Using the same coloured Post-Its, you’re now ready to get down days in each month you should be aware of. There are lots of websites out there that you can use to figure out notable dates you should be aware of, i.e. World Health Day, World Water Day or National Skipping Day.
Of course, you can get started writing – a day on one Post-It – and put it under the corresponding month. Also, add the day of the month, so you can remember that too. Make sure you add your slow and busy periods as well. Here’s the first one I ever did (when I worked out this method.)
3. Theme it
Now you’re ready to move on to another Post-It colour. It’s time to attach a theme to each month. This will help you find and group content to focus on what you want your business emphasis to be each month.
To help you find the themes, think about what would be useful for your readers. How can you write content that benefits their business? Making the themes relevant to what you want to write about, and to what your readers want to read about makes for successful content.
You won’t get each monthly theme right first time. But that’s OK – the reason you’re using Post-Its is to help you move things around and change what doesn’t work before you finalise it all.
Here are some of the themes I used (feel free to steal them):
- Why summer is great for your business (slow period)
- Going for gold in your business (Olympics start)
- Failing to plan is planning to fail (planning for next year)
4. What will you write about?
So, now you have your monthly themes, it’s time to figure out what you’ll write about. Yes, you have to write. It’s great for your website, it gets you seen in search results on Google and it shows you’re an expert. Have I convinced you? Good. Here’s how you’re going to get your topics.
First, decide how often you’ll write a blog post. When I started off, I decided to write two a month. If you feel you want to write more or less frequently that’s fine. Just don’t make it less than one a month!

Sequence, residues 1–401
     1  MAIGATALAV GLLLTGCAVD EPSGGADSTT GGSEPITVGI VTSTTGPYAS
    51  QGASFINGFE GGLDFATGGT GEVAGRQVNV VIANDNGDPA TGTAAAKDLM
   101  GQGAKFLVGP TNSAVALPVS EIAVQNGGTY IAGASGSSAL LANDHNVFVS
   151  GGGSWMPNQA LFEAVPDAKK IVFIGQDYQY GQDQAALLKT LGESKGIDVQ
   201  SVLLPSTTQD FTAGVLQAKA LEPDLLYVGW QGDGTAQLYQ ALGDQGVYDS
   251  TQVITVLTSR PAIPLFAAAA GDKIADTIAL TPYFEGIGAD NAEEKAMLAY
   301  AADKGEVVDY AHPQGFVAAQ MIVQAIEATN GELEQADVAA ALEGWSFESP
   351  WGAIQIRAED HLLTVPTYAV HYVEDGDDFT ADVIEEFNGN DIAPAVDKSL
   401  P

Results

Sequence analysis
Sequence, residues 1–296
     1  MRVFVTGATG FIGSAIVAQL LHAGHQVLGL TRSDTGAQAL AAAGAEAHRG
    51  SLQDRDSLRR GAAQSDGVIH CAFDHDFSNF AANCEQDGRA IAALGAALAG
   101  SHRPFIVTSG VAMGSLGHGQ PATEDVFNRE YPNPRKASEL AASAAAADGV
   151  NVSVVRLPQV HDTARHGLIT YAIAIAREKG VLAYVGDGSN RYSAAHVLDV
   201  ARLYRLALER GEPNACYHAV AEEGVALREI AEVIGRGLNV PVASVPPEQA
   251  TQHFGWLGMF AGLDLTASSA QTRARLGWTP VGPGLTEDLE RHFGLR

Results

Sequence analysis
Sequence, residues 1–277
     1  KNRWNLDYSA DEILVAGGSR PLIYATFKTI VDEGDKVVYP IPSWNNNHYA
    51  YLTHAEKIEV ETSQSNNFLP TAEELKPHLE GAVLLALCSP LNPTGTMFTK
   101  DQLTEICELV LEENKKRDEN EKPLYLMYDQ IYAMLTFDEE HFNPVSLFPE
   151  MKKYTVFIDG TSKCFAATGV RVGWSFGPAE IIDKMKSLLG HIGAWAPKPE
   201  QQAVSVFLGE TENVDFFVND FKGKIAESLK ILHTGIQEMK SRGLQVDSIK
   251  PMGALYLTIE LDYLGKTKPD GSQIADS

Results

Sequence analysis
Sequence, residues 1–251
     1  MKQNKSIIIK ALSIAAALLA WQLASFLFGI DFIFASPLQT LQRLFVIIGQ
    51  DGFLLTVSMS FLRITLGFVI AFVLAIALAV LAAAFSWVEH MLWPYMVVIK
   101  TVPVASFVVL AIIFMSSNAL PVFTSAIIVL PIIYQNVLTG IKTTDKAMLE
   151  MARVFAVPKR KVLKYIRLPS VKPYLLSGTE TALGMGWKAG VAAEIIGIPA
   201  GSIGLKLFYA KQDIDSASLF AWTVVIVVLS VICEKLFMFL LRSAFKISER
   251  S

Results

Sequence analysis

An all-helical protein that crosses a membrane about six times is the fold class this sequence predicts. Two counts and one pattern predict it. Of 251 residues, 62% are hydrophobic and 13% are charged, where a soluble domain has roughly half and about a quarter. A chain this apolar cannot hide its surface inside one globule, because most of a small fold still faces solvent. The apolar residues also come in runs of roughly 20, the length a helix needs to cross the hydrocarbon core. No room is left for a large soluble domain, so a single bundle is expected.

Now, grab the third colour of Post-Its. These will be your blog post topics. How you decide on the topics is up to you. I had already started keeping a list of topics I wanted to write about. So, I went through this list first and looked at what fitted with the themes I’d chosen. Once I’d exhausted that list, I let my imagination do the work. You can also look at things like frequent questions you get asked or featuring your best customers. It’s really up to you.
Finally, I ended up with my content calendar, and here’s what it looked like.
I have notable days each month (blue), I have a theme for each month (green), and I have two blog post topics for each month (pink.) Whilst I may not use those exact titles for the posts (I normally decide on the title once I’ve written the post), I know exactly what I’m going to write about each month.
4. Pull it all together
The final thing you need to do it get it down on paper. You can’t keep the Post-Its on your wall. Well, you could, but it isn’t very practical!
I took my time about how I wanted to do this and ended up with this:
I write weekly newsletters, so you can see how I plotted out the month. I have notable dates (great for sharing on social media), the subjects of my two blog posts and what my newsletter content will be on a weekly basis.
And, hey presto, you have your content calendar for a whole year, with content for your blog, social media networks, and your newsletter.